Paul offered some instruction regarding the “revelation gifts” in regard to their manifestation through prophets:
And let two or three prophets speak, and let the others pass judgment. But if a revelation is made to another who is seated, let the first keep silent. For you can all prophesy one by one, so that all may learn and all may be exhorted; and the spirits of prophets are subject to prophets; for God is not a God of confusion but of peace, as in all the churches of the saints (1 Cor. 14:29-33).
Just as there were members of the body in Corinth who apparently were frequently used in the gift of the interpretation of tongues who were known as “interpreters,” so there were those who were frequently used in the gifts of prophecy and revelation who were considered “prophets.” These would not be prophets in the same class as Old Testament prophets or even someone like Agabus in the New Testament (see Acts. 11:28; 21:10). Rather, their ministries would have been limited to their local church bodies.
Although there might be more than three such prophets present at a church gathering, again Paul placed limitations, specifically limiting prophetic ministry to “two or three prophets.” This again suggests that when the Spirit was giving spiritual gifts in a gathering, more than one person might yield to receiving those gifts. If this is not so, Paul’s instruction could result in the Spirit giving gifts that would never be enjoyed by the body, as he limited how many prophets could speak.
If there were more than three prophets present, the others, although restrained from speaking, could help by judging what was said. This also would indicate their ability to discern what the Spirit was saying and possibly imply that they could have yielded to the Spirit themselves to be used in the very gifts that were manifested through the other prophets. Otherwise they could have only judged prophecies and revelations in a general way, by making certain they were in agreement with revelation God has already given (such as in Scripture), something any mature believer could do.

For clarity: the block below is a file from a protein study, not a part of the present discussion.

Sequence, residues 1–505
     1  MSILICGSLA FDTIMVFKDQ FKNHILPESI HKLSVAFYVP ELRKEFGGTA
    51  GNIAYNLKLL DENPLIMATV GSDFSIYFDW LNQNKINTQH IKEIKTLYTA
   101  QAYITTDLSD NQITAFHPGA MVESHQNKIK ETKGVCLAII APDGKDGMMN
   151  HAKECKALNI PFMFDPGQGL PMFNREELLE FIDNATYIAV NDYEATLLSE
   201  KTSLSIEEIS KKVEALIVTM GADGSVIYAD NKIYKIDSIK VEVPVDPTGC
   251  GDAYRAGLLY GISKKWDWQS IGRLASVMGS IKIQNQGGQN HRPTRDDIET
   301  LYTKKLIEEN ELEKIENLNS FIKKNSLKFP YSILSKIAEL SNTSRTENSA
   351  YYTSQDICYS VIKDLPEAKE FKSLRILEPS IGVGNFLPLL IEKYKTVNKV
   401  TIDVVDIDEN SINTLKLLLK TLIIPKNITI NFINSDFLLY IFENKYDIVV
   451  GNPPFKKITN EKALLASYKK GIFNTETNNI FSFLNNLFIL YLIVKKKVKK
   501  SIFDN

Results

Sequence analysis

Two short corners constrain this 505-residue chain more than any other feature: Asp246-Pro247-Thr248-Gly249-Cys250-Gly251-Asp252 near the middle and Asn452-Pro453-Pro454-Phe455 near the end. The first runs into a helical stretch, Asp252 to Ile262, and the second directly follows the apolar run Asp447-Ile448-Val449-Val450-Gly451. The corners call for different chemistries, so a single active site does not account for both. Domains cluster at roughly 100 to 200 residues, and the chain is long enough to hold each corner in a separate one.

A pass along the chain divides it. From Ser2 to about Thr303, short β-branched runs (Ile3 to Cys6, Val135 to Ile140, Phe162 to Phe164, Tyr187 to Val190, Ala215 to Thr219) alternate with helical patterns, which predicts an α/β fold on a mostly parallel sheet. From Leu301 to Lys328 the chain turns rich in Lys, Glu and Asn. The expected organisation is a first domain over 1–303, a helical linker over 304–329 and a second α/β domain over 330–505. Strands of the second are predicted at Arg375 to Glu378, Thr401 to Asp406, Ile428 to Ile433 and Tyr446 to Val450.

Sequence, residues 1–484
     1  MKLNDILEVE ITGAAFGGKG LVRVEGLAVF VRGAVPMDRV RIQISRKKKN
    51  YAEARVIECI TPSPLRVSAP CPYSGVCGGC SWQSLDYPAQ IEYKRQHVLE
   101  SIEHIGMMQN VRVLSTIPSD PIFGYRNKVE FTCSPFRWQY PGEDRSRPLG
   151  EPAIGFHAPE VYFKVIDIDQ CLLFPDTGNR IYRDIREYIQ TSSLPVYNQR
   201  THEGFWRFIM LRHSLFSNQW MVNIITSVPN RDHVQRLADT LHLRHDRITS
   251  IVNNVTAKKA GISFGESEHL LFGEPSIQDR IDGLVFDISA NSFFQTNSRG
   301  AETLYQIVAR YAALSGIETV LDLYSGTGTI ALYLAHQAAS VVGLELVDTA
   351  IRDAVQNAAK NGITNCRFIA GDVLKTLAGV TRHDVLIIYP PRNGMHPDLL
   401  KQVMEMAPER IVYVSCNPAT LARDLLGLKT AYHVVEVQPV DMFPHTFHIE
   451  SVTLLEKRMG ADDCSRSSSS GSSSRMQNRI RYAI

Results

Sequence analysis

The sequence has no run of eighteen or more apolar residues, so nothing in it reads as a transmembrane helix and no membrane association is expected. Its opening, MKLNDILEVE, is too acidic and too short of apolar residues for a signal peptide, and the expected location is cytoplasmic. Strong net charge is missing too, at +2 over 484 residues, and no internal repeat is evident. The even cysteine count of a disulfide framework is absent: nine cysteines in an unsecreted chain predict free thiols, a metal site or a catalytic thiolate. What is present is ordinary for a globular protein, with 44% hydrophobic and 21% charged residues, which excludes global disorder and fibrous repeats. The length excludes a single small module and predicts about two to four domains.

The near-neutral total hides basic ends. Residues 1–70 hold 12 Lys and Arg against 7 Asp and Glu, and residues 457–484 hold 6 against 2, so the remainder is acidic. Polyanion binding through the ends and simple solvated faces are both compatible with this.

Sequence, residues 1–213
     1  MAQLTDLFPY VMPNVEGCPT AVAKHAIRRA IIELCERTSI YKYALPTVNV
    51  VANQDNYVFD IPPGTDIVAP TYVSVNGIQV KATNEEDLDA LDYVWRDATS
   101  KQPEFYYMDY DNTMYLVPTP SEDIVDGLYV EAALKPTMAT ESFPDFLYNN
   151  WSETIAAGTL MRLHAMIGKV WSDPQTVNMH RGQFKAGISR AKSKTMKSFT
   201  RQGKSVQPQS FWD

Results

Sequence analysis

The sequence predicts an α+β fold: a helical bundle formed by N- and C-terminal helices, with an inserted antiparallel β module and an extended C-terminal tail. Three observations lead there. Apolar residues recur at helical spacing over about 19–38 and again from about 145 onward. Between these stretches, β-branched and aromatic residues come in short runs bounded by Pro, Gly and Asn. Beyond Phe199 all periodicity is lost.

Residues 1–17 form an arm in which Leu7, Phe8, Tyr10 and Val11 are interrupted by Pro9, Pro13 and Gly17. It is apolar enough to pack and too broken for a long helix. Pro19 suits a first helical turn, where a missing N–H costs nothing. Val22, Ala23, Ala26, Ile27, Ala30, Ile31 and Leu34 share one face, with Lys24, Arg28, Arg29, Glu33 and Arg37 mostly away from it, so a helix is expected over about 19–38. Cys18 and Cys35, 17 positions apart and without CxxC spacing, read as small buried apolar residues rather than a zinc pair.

Paul stated that these prophets could all prophesy sequentially (see 1 Cor. 14:31) and that “the spirits of prophets are subject to prophets” (1 Cor. 14:32), indicating that each prophet could restrain himself from interrupting another, even when given a prophecy or revelation from the Spirit to share with the congregation. This shows that the Spirit might give gifts at the same time to several prophets present in a gathering, but each prophet could and should control when his revelations or prophecies were shared with the body.
This is also true concerning any utterance gift that might be manifested through any believer. If a person receives a message in tongues or prophecy from the Lord, he can hold it until the proper time in the gathering. It would be wrong to interrupt someone else’s prophecy or teaching to give your prophecy.
When Paul stated, “you can all prophesy one by one” (1 Cor. 14:31), remember that he was speaking in the context of prophets who had received prophecies. Some have unfortunately taken Paul’s words out of context, saying that every believer can prophesy at every gathering of the body. The gift of prophecy is given as the Spirit wills.
Today, as much as ever, the church needs the Holy Spirit’s help, power, presence and gifts. Paul instructed the Corinthian believers to “desire earnestly spiritual gifts, but especially that you may prophesy” (1 Cor. 14:1). This indicates that our level of desire has something to do with the manifestation of the Spirit’s gifts, otherwise Paul would not have given such instructions. The disciple-making minister, desiring to be used by God for His glory, will indeed earnestly desire spiritual gifts, and will teach his disciples to do the same.